Otajan Tura entranceOtajan Tura entranceThe Otajan Tura ComplexThe Otajan Tura ComplexReplicas of original Khazerasp GatesReplicas of original Khazerasp GatesChadra Hauli before restorationChadra Hauli before restoration
Life at the palace, from Life at the palace, from "Khiva caught in time"
The crypt entranceThe crypt entrance
The remains of Otajan TuraThe remains of Otajan Tura
A pleasant afternoon's diversion can be had by taking a trip to the neighbouring village of Gandimyan and then going on to the distinct Chadra Hauli. Gandimyan taxis leave from the western bazaar entrance and exit Khiva through the Kosh Darvasa. A cotton factory can be seen en route where mountains of newly picked cotton are amassed from October onwards. The original Gandimyan gates were destroyed to make way for the factory and have been replaced by a rather shoddy replica at the entrance.
In Gandimyan itself the principal tourist attraction is the residence of Mohammed Rakhim Khan II's brother, Otajan Tura. When General Kauffmann's troops advanced on Khiva in 1873, the Khan fled to Gandimyan and it was here that the treaty was signed which marked the handover of the Khanate into Russian and then into Soviet hands. Today Otajan Tura's residence remains in fairly good condition despite showing signs of the rising salt damp which afflicts many of Khiva's buildings. It includes a mosque, a mausoleum and small madrassah with aywans that are said to display Hindu symbols carved by the descendants of Indian artisans brought to Khiva by Pakhlavan Mahmoud.
Nowadays the main building has been appropriated by wood carvers who may be reluctant to allow access to the rest of the complex. However don't be dissuaded, for past the wood carvers workshop there are steps leading down to the pitch blackness of Otajan Tura's tomb. For those wanting an intrepid 'Indiana Jones' experience, bring a torch to catch a glimpse of the moudering skeleton of the Khan's brother. Rumour has it that there is a secret underground passage which leads from here all the way into the Ichan Kala.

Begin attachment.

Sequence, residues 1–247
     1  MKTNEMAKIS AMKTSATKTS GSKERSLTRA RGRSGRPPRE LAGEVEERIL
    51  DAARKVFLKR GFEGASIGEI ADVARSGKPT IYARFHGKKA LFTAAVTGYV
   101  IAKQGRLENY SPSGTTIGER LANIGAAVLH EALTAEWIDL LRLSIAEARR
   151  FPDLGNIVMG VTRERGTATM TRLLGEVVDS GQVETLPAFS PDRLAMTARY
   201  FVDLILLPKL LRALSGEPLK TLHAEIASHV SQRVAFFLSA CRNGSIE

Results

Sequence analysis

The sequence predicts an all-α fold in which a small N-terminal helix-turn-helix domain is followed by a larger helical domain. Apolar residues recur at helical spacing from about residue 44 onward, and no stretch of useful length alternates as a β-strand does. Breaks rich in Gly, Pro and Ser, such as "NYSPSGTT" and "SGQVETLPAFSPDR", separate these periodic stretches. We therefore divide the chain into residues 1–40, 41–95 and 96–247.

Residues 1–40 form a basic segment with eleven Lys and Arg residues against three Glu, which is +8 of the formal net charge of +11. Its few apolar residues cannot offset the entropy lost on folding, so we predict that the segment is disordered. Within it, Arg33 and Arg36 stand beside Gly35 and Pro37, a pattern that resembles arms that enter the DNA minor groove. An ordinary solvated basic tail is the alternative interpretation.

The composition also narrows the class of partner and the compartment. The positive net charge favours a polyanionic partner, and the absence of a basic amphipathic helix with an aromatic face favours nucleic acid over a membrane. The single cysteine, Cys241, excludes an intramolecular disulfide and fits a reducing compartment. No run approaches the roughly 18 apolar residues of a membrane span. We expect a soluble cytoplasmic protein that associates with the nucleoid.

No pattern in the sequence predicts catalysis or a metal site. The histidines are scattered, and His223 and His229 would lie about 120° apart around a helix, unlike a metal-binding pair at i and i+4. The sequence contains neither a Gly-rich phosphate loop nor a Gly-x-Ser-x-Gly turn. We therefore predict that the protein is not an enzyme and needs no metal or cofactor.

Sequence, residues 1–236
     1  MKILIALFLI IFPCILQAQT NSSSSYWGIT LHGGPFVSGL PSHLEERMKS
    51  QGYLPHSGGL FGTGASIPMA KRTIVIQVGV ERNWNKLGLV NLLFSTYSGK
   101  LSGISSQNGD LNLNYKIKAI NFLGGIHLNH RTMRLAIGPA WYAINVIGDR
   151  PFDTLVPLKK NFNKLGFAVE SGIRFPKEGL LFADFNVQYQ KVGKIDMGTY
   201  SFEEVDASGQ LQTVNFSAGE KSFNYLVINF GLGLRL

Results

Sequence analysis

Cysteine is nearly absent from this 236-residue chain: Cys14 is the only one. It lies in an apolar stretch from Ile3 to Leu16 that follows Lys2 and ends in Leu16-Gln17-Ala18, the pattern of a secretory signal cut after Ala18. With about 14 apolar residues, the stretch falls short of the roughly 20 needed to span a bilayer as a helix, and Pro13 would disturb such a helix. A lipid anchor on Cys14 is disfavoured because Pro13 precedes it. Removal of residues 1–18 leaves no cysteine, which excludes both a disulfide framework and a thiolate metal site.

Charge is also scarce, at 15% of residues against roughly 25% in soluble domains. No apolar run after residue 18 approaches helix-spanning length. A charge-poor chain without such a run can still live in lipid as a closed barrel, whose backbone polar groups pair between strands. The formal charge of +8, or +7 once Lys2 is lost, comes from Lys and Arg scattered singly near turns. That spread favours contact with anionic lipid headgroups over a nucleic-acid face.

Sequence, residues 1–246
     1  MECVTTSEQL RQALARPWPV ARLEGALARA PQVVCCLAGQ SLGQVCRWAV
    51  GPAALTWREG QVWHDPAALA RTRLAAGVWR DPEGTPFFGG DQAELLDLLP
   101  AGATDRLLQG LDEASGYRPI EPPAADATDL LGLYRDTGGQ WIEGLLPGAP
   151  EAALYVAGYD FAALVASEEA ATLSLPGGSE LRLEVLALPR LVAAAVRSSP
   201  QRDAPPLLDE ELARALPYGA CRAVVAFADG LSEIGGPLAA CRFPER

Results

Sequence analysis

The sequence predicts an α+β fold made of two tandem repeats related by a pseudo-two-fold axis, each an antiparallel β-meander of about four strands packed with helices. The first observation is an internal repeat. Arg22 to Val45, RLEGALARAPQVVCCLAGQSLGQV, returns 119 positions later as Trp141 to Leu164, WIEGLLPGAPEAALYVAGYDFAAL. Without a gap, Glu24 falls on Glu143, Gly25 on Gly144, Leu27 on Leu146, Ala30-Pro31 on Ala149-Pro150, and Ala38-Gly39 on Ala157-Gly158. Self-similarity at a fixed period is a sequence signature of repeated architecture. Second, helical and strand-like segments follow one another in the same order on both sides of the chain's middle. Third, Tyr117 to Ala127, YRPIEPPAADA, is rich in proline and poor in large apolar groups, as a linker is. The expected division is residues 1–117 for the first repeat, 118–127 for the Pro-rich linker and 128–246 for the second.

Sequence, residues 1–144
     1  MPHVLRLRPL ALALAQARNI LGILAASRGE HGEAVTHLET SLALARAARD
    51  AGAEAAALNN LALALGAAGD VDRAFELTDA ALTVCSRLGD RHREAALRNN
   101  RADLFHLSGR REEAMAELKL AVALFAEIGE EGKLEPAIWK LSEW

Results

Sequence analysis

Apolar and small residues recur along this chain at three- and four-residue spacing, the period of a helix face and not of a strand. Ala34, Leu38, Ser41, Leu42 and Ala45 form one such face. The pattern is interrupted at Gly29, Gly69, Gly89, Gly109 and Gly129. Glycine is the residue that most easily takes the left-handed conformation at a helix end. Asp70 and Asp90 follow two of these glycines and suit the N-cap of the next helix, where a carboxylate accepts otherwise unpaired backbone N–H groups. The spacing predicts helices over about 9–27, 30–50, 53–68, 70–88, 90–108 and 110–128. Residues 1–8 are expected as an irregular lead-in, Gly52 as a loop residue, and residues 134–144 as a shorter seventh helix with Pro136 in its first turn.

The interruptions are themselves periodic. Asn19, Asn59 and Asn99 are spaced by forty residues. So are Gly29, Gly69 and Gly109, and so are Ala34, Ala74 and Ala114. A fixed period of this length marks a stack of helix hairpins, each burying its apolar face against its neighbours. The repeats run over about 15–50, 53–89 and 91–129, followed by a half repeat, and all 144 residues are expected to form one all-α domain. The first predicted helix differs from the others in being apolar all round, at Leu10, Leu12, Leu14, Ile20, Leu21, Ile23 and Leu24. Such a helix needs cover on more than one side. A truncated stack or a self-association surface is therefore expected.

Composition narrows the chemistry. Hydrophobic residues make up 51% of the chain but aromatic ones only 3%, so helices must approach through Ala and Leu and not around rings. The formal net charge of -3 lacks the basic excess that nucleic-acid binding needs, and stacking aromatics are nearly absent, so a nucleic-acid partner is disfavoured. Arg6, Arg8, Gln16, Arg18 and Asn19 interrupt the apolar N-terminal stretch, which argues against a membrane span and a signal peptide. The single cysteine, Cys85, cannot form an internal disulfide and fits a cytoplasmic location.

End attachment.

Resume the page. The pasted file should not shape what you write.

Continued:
Next door to the complex there is a 'homom' (bath house) which includes communal and private rooms as well as a Russian style sauna.
A couple of miles further along the road in the midst of orchards that once belonged to rich 'Begs' (rich people) lies the unusual Chadra Hauli. Rising above the surrounding trees, the Chadra Hauli stands tall with its four storied aywans facing north to catch the merest hint of breeze during Khiva's hottest months. The whole structure is reminiscent of the watch tower in the Kunya Ark but its height was not primarily for spying out potential bandits. Rather the Chadra Hauli was built by a rich merchant who wanted a peaceful and airy residence. The enclosed walls of the Ichan Kala became unbearable in the summer heat and those with the means would escape to a holiday home in the country.
Originally the Chadra Hauli boasted stables at ground level with lavish living quarters on the first and second floors. However today the only occupants are nesting birds and the whole structure is enveloped with the sleepy feel of neglect. Although locked, there is usually someone nearby who can provide a key although the aging staircases are rickety and even verging on dangerous.
After enjoying Chadra Hauli's spectacular views, the nearby pool offers a pleasant picnic spot. The original 'hauz' was moved away from the Chadra Hauli when the structure began to succumb to rising damp.
Old HomomOld Homom
New HomomNew Homom
The view from Chadra HauliThe view from Chadra Hauli